For one, the Minneapolis-St. Paul metropolitan swells with nearly six times as many people as in Nashville. Locals and pedal taverns might therefore run into each other more than in other cities, and thus, increasingly get on each others’ nerves. Pair that with the fact that Twin Cities PedalPub routes its tours through neighborhoods–albeit neighborhoods with a lot of bars–and now you’re rubbing up against a lot of people next to their homes.
That’s not all though. While the concept of party bikes might still be new and niche for many metropolises around America, Twin Cities PedalPub is the original. It’s party bikes have been riding up and down MSP roads for seven years. Perhaps as a smaller, novelty attraction, PedalPub once intrigued locals. Instead of the public getting more tolerant over time, maybe it’s only grown ever weary of its presence.
There’s another element at play, according to Gleason: culture.
“Since moving to Nashville, I’ve noticed that the south is more laid back than the north when it comes to having party bikes out and about,” she notes.
And what she means here, is twofold:
- “Minnesota tends to keep things out of the public eye unless its politically correct,” Gleason says. Drinking a bar or going on a pub crawl might be one thing for these northerners, but perhaps having bikes out in public thoroughfares crosses the line.
- “There’s nothing to compare this to,” she explains, “nothing that has eased people into this idea of things that are not traditional bicycles, cars, or buses.” In Nashville, on the other hand, horse-drawn carriages, party barges, pedicabs and more host festivities in the open air. It’s easier for Nashvillians to embrace things that are “out of the ordinary,” as Gleason puts it.
Industry Take: What’s Next for Pedal Taverns?
Before ending our interview, Gleason carefully puts this whole conversation into perspective: “In the seven or eight years that this industry has been around, this is the only thing that’s been publicly displayed like this.”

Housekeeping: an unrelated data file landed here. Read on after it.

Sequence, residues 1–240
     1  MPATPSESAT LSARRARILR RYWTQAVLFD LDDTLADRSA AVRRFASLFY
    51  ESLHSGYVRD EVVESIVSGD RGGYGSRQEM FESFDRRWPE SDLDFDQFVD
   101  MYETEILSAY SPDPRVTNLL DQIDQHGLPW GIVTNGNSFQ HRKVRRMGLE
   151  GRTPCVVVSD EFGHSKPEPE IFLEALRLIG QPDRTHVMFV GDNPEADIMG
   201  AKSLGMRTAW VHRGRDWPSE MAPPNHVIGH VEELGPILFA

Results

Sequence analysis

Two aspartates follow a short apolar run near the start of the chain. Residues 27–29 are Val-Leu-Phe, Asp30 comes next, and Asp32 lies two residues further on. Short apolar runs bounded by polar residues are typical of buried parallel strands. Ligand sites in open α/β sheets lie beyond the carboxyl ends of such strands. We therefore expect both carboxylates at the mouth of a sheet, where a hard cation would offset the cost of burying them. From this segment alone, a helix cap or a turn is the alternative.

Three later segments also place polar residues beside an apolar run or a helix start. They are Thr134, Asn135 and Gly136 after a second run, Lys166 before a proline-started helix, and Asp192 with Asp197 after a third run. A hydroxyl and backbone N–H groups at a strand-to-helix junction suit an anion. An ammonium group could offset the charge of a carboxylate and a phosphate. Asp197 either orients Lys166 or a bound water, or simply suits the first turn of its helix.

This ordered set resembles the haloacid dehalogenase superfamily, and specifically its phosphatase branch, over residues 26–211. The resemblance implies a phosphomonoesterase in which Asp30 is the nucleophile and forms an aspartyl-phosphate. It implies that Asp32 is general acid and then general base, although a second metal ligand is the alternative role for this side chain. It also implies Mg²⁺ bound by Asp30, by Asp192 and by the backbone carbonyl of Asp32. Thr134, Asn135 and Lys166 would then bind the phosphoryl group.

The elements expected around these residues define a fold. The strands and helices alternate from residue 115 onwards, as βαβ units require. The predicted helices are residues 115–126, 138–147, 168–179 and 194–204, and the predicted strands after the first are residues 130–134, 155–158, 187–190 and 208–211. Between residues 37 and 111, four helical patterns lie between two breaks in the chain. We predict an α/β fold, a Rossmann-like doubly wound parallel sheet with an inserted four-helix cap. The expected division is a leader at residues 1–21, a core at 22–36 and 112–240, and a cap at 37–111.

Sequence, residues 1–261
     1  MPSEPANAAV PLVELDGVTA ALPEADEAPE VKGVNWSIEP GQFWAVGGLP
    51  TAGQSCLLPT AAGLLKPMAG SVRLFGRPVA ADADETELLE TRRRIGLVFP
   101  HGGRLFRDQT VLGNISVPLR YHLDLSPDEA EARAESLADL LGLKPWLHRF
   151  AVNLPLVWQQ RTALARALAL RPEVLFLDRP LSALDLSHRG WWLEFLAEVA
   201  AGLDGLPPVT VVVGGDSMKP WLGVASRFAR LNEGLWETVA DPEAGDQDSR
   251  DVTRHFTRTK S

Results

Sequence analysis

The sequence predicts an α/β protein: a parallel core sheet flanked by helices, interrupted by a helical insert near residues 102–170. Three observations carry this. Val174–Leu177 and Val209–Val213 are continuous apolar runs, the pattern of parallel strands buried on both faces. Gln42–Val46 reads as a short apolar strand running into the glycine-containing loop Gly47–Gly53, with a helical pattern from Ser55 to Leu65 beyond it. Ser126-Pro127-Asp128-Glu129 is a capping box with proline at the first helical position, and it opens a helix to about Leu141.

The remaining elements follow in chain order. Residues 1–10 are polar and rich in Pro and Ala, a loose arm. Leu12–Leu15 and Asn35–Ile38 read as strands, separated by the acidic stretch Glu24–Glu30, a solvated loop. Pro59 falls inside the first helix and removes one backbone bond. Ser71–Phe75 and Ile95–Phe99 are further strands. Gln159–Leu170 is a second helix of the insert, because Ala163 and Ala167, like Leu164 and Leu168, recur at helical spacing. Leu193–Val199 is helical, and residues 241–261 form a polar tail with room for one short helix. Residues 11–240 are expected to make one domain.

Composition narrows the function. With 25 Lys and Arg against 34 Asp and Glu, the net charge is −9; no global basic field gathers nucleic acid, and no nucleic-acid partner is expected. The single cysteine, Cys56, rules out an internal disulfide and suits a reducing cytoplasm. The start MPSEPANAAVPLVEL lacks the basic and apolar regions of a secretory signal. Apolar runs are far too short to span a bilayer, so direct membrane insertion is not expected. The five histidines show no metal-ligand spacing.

Gleason guesses that while this incident made massive waves in the Twin Cities, it might not have happened the same way in a different location. Due to the outward disapproval that many residents show, party bike businesses must be operating under a lot of pressure and feel like targets in their community. An incident like this, Gleason argues, is taken in a completely different context than by a business with a different history.
The fact that cops were also on board likely played a significant factor in the matter.
Ultimately though, Gleason says that the industry as a whole needn’t worry. “I don’t feel that it’s a national issue,” she assures.
Moving forward, she emphasizes the importance of coalition-building if a business does feel like they’re the target of community animosity.
“You want to team up with other local businesses and make sure they’re on your side. You want to make sure they want your patrons in there.”
As fun as pedal taverns are, Gleason understands that you can’t please everyone. “Some people are going to hate you no matter what,” she says. But with local business support, a quality tour, happy customers, and by picking your battles, you’ll come out on top every time.